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Interview on ABC's 20/20 With Peter Jennings

Secretary Colin L. Powell
New York, New York
March 7, 2003

(Aired 10:05 p.m. EST)

MR. JENNINGS: Many people don't understand why you shouldn't let the inspections continue if they are accomplishing anything.

SECRETARY POWELL: Well, they are accomplishing some things, but they're fairly minor. And they are only able to do what the Iraqis are really allowing them to do. And Iraq is clearly still bugging the rooms in which people are being interviewed, trying to restrict who is being interviewed, not producing as many people to be interviewed as they should.

We're quite confident they're still moving things around the countryside. We are not --

MR. JENNINGS: The inspectors didn't agree with you on that this morning.

SECRETARY POWELL: Well, they didn't agree, but I think I have better information than the inspectors. I think I have more assets available to me than the inspectors do. And this isn't being critical of the inspectors. The inspectors are not an intelligence agency, they're not an intelligence system.

MR. JENNINGS: But if you have better assets available to you than the inspectors, why don't you tell the inspectors what's going on so that they can catch the Iraqis in the process?

SECRETARY POWELL: We are giving them as much as we can that is actionable, that really can cue them to something. A lot of what we have is not actionable; you can't cue to a particular location. But it tells us what the Iraqis are trying to do, how they are trying to deceive, to distract, to pull them in different directions, and to keep them from getting away, keeping them away from the real weapons of mass destruction programs that they have.

MR. JENNINGS: Mr. Secretary, many people think that your dismissal again today of the inspection process is because your administration keeps moving the goal posts, that it is not just about disarming Saddam Hussein; it is, as the President says, about getting rid of Saddam Hussein. So the Security Council is left in the position of either agreeing with you completely, or else.

SECRETARY POWELL: If our sole goal was to get rid of Saddam and we didn't care about weapons of mass destruction and we didn't care about the views of the Security Council, the President could have done that any time in the past year.

It isn't brain surgery, Peter. If they really wanted to answer all of the outstanding questions that have been there for years, bring forward all the documentation. Don't bring forth false documents and then force the inspectors to realize they're false and go back and ask for more. Bring out all of the old bombs that you have hidden away. Account for all of these things. They are master bureaucrats. They are master recorders. They have been recording things for the last 5,000 years. They know where this material is. They have records.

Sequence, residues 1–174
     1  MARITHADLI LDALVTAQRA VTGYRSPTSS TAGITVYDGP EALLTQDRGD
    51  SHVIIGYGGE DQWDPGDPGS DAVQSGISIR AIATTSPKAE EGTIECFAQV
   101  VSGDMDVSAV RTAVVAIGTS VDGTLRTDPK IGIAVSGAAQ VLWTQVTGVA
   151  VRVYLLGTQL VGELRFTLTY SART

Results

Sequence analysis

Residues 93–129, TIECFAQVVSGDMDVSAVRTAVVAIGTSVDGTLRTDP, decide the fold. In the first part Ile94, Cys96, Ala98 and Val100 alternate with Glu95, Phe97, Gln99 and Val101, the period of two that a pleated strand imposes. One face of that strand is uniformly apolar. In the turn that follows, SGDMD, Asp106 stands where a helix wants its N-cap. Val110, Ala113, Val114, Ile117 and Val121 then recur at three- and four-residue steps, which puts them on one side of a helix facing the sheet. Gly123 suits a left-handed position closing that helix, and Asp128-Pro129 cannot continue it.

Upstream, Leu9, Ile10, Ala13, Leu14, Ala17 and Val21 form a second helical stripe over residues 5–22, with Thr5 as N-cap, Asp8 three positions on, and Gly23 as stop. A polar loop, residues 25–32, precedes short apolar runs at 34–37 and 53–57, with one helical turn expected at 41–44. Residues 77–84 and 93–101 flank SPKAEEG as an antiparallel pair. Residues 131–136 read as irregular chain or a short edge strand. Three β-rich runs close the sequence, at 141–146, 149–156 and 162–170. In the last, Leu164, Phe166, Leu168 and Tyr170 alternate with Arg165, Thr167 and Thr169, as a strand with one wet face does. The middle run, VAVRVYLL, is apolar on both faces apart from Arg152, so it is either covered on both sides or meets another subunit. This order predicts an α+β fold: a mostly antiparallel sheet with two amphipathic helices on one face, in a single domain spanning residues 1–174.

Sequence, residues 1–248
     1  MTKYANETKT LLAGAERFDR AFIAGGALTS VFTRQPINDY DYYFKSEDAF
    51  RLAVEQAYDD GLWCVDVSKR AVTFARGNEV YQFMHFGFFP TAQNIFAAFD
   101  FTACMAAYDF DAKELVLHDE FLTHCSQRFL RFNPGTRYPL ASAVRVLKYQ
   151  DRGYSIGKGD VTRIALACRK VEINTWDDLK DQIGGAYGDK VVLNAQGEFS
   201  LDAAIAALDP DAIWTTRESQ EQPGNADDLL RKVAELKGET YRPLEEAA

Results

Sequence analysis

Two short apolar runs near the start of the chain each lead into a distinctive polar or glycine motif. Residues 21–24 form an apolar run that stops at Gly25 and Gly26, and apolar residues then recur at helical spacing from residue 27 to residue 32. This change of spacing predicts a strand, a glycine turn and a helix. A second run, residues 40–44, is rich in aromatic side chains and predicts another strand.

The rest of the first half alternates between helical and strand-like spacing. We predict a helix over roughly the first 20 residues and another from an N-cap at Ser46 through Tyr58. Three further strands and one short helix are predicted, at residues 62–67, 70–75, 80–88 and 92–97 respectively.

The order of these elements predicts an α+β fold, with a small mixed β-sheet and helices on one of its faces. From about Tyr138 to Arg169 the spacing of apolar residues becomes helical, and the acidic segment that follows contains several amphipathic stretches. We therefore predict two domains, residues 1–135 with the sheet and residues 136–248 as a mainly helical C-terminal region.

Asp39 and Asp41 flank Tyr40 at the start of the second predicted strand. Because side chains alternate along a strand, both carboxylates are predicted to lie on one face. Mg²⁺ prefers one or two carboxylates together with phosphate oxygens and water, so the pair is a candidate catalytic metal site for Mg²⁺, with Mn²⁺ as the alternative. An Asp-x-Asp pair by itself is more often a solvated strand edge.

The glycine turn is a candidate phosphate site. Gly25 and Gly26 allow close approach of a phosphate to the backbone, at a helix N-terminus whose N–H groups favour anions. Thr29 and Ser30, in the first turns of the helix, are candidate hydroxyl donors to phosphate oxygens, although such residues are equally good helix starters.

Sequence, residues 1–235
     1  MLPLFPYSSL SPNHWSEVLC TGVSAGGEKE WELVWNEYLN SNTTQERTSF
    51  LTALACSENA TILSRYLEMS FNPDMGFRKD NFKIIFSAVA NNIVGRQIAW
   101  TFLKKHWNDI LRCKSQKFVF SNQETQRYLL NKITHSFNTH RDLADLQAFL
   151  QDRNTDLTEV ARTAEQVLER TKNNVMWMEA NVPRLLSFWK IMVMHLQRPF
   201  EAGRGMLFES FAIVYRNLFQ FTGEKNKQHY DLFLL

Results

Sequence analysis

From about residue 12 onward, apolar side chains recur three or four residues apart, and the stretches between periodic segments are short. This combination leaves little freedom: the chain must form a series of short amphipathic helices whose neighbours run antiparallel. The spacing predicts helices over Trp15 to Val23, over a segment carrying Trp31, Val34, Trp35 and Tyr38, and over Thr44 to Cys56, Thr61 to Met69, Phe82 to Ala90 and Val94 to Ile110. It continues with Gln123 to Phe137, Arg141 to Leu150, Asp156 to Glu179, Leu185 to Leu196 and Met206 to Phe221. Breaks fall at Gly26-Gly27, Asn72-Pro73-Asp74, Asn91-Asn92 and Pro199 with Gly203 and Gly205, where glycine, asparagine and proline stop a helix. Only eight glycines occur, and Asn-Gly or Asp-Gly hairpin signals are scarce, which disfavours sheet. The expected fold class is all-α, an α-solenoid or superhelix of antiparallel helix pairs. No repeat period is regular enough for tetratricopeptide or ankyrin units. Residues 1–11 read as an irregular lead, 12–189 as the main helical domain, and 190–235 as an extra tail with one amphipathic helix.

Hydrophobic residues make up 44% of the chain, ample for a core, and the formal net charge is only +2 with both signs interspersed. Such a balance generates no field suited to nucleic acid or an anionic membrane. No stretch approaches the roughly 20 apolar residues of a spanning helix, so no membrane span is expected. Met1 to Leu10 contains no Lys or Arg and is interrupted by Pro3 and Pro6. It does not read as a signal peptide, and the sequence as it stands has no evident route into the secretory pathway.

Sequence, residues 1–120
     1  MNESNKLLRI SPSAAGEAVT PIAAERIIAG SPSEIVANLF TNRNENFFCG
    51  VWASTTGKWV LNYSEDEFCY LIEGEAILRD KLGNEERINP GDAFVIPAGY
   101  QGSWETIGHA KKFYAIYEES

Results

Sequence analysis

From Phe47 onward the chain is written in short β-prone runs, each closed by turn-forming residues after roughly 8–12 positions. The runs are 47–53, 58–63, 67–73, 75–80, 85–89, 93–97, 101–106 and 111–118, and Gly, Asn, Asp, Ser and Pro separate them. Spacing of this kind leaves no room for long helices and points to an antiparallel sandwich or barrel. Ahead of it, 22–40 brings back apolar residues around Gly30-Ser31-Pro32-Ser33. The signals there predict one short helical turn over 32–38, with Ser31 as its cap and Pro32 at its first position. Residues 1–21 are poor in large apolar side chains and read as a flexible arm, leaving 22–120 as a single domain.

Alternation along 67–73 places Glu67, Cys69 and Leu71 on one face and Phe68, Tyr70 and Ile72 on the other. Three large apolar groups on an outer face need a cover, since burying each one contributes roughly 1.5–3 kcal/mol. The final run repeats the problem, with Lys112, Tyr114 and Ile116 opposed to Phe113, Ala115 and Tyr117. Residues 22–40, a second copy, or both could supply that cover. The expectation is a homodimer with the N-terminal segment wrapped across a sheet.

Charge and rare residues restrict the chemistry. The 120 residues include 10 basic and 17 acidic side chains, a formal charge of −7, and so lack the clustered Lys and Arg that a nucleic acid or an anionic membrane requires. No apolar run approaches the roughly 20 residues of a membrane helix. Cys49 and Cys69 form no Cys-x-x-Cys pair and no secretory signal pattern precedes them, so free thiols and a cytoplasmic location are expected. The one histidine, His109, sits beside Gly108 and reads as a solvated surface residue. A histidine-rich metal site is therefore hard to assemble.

MR. JENNINGS: But speaking respectfully, I hope, you don't speak to the other point, which is getting rid of Saddam Hussein. Your best ally in this, the British Prime Minister and his Foreign Secretary have said they're not interested in changing the regime, they're interested in disarming. That's the difference between the British and the Bush Administration.

SECRETARY POWELL: The previous American administration, President Clinton and his colleagues in that administration, also had a similar policy of regime change, which was adopted in 1998 and, frankly, was also endorsed by the United States Congress at that time. And the reason that policy was adopted because it was thought that's the only way you're going to be able to get disarmament, because this regime will not do it on its own, it will never change its spots, so to speak. And so regime change became American policy.

We inherited it, looked at it, and said this is still sensible. But we have no illusions about the nature of this regime or the nature of its leader, Saddam Hussein. And do we believe that the Iraqi people would be better off with a different leader? Do we believe the region would be better off without a Saddam Hussein? Sure we do. But our principal objective, and the reason we brought it to the UN, was to eliminate weapons of mass destruction. We never brought regime change into the UN.

MR. JENNINGS: March the 17th. Is this the magic date, or are we actually talking about ten days, or possibly more, from the time this UN British resolution is tabled?